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Sedation vs. Local Anesthetic: What’s The Difference?

There are a variety of options available to make dental operations more comfortable and relaxing. These options can help ease pain, help you relax, or even put you in a deep sleep. Factors like the type of procedure, your overall health, anxiety levels, and allergies can all play a part in deciding what type of medication is best for your dental visit. Sedation and local anesthetic are two commonly used options, and though they may seem interchangeable, there are actually several key differences between them that help your dentist decide which is right for you. Read on to find out how they work, the differences between the two, and what to expect with each.

Local Anesthetic

When you hear the word anesthesia, you likely think of general anesthesia, which is used for major surgeries where the patient needs to be unconscious in order to operate. However, most dentists use local anesthesia, which only numbs a small area to prevent pain. For dental work, it can be used to prevent pain in a certain area of the mouth that needs attention. Before applying the anesthesia, your doctor or dentist will ask you what you have eaten or taken within the past 24 hours to ensure the absence of blood thinning agents in your system. A topical anesthetic may be applied before the local anesthesia is injected to numb the mouth tissues.

Injectable anesthetics work by blocking the nerves that transmit pain, which allows the dentist to perform procedures like cavity fillings. Your dentist will first confirm that the area is numb before continuing, and you should not feel any pain. You still may feel some pressure.

Cavities do not always give signs, which is why regular check-ups are necessary. However, if you have some of the common signs of a cavity, like toothache or sensitivity to temperature, this could indicate that the decay is progressing, and that you should see your dentist right away. Aside from cavities, local anesthetic may be needed for other procedures, such as treating gum disease or preparing teeth for crowns. Your dentist may also prescribe a pain reliever to take after the procedure is complete.


In addition to controlling pain, sedation can alleviate anxiety and reduce patient movement during a procedure. Sedatives can be used for a variety of medical treatments, are are mostly administered via inhalation or injection.

Nitrous oxide, commonly referred to as laughing gas, is a well-known example of an inhaled sedative. It provides a mild anesthetic effect, promotes relaxation, and relieves anxiety. This option is very safe and often used for children, since the effects can be easily reversed by inhaling oxygen, and it does not leave the patient feeling confused or sleepy.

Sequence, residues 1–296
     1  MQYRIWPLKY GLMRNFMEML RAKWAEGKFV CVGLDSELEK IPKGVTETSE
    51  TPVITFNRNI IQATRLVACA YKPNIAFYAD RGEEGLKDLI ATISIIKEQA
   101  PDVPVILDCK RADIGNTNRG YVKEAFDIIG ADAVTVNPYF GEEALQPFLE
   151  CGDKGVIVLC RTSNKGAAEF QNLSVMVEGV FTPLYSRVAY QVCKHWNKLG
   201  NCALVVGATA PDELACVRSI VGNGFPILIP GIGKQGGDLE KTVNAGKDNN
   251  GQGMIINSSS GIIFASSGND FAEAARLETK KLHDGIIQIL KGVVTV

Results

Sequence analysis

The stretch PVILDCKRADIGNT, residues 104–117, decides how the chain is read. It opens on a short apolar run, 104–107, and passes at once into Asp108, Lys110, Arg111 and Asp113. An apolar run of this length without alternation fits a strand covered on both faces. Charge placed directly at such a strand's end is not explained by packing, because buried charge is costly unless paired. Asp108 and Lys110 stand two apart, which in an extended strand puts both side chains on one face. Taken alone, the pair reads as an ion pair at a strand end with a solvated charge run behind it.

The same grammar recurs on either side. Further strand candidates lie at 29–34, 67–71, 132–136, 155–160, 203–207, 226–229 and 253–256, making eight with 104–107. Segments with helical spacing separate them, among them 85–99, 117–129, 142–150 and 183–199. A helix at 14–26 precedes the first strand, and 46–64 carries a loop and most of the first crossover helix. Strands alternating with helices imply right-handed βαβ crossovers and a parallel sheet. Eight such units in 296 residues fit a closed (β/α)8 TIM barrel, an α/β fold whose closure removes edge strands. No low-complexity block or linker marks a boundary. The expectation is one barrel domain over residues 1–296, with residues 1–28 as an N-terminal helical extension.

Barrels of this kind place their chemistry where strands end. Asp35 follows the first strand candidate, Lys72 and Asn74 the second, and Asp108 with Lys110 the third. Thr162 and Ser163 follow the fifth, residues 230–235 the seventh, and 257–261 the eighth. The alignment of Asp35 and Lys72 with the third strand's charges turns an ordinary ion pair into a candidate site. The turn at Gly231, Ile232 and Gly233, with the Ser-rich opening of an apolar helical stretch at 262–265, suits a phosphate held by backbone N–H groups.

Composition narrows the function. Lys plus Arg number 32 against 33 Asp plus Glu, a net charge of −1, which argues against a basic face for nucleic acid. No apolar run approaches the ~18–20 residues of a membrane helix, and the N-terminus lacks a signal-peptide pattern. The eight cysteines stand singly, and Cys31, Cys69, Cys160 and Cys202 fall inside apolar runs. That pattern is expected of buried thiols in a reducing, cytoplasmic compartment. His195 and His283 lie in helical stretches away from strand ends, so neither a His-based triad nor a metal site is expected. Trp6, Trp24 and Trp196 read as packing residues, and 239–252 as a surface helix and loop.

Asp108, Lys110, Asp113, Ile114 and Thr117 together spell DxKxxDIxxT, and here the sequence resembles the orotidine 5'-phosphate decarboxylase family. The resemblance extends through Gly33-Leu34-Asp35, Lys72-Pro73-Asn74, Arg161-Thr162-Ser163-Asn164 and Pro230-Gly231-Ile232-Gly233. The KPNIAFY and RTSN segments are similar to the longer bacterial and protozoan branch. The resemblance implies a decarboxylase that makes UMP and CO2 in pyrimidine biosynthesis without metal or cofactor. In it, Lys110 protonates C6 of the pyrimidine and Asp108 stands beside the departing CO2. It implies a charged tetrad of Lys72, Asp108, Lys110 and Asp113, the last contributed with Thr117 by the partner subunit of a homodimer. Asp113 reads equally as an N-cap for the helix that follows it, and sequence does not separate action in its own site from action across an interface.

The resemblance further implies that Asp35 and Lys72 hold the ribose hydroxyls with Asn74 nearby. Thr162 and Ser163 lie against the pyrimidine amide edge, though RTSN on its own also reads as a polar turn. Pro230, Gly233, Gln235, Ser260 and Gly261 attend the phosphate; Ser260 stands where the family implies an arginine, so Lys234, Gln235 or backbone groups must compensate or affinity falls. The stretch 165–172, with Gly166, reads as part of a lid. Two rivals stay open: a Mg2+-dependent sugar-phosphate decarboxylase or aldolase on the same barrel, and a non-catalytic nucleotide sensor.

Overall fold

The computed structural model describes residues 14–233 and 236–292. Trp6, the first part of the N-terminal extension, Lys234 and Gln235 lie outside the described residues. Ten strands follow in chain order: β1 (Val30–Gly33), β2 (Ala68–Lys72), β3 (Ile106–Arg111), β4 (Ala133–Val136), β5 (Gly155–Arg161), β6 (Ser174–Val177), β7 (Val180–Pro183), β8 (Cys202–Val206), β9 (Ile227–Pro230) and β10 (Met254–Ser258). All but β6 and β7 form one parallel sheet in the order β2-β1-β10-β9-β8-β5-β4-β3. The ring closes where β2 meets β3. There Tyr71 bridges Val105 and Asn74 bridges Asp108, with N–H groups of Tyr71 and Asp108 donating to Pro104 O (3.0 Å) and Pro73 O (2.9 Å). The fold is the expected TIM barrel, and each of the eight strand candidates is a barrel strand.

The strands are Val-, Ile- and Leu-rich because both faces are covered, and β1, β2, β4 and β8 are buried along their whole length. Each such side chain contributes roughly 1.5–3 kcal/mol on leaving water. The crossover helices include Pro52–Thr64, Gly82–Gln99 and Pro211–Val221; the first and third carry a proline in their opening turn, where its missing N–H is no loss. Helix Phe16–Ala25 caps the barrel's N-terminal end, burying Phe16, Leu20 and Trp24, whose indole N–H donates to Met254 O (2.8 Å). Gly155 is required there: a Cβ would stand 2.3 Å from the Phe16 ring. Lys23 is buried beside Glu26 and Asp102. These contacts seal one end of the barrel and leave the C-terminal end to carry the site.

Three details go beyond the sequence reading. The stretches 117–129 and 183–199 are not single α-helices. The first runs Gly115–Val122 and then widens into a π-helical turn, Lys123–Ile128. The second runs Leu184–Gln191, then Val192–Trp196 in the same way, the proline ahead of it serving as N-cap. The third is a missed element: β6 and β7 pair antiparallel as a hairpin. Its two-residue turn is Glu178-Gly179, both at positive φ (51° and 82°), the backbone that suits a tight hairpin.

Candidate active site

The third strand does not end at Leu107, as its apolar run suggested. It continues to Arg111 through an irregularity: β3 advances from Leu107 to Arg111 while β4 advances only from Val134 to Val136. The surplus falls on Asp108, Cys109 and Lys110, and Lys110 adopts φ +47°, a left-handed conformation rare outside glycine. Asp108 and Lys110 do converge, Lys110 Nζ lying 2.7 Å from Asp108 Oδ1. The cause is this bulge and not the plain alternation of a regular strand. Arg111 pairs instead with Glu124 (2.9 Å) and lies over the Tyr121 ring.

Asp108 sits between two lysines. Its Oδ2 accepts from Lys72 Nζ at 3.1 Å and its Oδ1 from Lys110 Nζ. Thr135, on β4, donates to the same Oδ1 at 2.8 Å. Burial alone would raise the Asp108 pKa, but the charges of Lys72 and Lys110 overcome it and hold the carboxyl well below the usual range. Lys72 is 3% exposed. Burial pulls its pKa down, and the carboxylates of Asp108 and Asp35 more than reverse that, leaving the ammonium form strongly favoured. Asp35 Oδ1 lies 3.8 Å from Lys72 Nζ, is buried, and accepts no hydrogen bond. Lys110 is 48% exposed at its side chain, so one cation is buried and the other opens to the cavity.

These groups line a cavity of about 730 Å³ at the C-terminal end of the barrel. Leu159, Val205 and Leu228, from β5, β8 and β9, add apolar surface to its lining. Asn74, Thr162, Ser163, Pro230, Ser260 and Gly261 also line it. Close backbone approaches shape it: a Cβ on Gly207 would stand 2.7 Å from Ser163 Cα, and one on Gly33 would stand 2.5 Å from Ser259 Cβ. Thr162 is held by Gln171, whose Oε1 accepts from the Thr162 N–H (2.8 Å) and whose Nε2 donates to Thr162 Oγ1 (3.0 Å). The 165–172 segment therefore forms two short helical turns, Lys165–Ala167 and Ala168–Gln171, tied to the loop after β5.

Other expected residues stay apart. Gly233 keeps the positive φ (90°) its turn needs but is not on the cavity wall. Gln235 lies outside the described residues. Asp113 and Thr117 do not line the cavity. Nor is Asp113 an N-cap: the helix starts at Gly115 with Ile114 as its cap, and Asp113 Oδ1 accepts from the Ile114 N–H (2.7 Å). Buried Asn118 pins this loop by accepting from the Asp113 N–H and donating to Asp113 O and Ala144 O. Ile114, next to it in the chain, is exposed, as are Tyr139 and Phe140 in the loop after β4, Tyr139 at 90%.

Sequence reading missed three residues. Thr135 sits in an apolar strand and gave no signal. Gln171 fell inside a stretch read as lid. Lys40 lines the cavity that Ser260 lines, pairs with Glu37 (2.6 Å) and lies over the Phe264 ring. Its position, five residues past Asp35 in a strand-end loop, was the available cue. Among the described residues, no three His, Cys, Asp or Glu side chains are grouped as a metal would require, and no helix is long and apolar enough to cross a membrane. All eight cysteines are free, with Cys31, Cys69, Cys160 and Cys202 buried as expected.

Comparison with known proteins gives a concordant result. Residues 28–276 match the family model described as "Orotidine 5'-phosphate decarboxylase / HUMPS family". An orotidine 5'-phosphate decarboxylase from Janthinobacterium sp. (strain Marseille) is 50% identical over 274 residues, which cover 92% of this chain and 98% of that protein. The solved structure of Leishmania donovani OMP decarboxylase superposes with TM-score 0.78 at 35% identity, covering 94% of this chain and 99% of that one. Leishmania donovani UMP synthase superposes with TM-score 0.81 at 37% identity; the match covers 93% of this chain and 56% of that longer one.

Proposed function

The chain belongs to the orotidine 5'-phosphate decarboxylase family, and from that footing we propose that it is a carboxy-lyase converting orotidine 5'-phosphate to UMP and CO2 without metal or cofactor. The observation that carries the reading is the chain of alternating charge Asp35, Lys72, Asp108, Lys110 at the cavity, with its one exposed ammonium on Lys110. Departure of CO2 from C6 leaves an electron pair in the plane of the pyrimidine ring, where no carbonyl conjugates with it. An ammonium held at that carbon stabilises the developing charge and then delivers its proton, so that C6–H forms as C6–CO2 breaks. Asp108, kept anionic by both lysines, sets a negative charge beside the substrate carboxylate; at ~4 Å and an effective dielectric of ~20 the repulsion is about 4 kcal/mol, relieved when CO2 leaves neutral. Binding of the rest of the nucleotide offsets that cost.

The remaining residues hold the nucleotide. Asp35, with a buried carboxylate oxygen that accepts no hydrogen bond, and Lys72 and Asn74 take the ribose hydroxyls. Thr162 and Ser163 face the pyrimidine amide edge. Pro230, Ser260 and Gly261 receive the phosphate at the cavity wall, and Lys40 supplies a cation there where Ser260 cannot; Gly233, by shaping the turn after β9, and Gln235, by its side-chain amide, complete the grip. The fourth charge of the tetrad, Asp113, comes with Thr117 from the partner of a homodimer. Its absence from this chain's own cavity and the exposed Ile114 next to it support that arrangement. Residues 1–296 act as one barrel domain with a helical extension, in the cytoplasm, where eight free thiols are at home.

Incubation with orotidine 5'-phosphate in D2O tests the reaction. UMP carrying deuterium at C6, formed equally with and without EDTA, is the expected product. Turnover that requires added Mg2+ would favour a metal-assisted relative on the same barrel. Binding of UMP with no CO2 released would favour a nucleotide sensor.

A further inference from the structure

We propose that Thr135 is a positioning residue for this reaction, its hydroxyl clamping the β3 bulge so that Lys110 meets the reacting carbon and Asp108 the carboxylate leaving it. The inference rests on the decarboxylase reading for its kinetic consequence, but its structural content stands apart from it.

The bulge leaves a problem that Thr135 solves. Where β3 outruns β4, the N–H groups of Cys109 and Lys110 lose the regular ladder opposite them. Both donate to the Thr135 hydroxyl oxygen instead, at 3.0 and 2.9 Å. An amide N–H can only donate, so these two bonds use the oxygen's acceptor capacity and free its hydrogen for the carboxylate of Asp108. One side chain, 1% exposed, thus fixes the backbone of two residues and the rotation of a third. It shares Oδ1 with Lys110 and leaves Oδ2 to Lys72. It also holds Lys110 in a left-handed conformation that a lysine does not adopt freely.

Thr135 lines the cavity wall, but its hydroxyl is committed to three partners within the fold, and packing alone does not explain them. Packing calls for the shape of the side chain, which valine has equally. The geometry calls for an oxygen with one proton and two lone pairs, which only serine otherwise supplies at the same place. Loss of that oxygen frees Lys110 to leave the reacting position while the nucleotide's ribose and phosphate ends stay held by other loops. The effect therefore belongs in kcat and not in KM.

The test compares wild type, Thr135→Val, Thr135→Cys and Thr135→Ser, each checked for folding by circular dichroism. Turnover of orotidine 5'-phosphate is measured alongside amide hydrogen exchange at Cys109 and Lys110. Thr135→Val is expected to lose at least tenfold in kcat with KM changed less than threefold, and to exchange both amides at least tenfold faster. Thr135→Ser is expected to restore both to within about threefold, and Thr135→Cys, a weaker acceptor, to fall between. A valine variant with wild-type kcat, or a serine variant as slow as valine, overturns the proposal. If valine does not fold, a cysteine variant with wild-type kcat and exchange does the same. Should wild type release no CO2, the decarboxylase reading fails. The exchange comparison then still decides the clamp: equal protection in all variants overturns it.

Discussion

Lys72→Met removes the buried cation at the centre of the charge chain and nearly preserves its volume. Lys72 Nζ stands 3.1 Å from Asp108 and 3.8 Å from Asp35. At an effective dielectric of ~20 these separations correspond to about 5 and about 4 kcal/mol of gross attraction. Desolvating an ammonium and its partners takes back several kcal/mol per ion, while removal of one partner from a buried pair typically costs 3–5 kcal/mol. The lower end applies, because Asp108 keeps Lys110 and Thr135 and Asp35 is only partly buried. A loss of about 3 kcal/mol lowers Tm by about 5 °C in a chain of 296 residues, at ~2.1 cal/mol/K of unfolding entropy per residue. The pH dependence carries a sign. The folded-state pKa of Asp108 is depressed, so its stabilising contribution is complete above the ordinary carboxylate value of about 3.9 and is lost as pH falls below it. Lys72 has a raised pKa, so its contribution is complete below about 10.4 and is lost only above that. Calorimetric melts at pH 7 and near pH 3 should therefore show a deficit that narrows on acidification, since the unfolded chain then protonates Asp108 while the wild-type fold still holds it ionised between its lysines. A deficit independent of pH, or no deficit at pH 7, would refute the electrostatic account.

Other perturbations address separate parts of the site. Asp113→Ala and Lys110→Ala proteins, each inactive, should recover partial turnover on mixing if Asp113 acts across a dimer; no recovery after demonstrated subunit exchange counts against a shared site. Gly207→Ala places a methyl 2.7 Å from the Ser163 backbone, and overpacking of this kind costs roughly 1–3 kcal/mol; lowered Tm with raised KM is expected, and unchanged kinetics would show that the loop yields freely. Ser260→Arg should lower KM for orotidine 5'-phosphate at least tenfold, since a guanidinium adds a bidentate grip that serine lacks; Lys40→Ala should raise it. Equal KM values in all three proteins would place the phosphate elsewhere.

Intravenous, or IV, sedation is administered through a vein, typically in the back of the hand. This stronger type of sedation is often reserved for oral surgeries like wisdom teeth removal, but is safe for both adults and children. You will feel drowsy and relaxed at first, then fall asleep but may still be responsive while “under.” This is far different than general anesthesia, which renders you completely unconscious throughout the operation. For this reason, intravenous sedation is sometimes referred to as “twilight sleep.”

When you wake up, you will likely not remember the surgery, and instead feel like you have just taken a nap. However, you may wake up feeling drowsy, so it is best to have a friend or family member drive you home after the procedure.

Pediatric Sedation

Conscious sedation is commonly used for children during dental procedures, as it allows them to relax, and has little to no side effects. This type of pediatric dentistry is absolutely safe for children when administered by a professional like those at Arkansas Family Dental.

Unless there is a dental procedure like wisdom teeth removal that requires IV sedation, most children receive an inhaled sedative during a routine dental visit, if needed. You can prepare for your child’s dental visit by finding out in advance what to expect. If an IV sedation is recommended, all the details, such as how much time to block off for surgery, and when to stop eating the night before the operation, will be provided by your dentist.

For family dental services Little Rock, contact the caring team at Arkansas Family Dental. At Arkansas Family Dental, we treat every patient like family, and we want to work with you to create a dental plan that fits your needs and budget. Contact us today, or schedule an appointment to meet our caring and professional team.

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Tina Nichols

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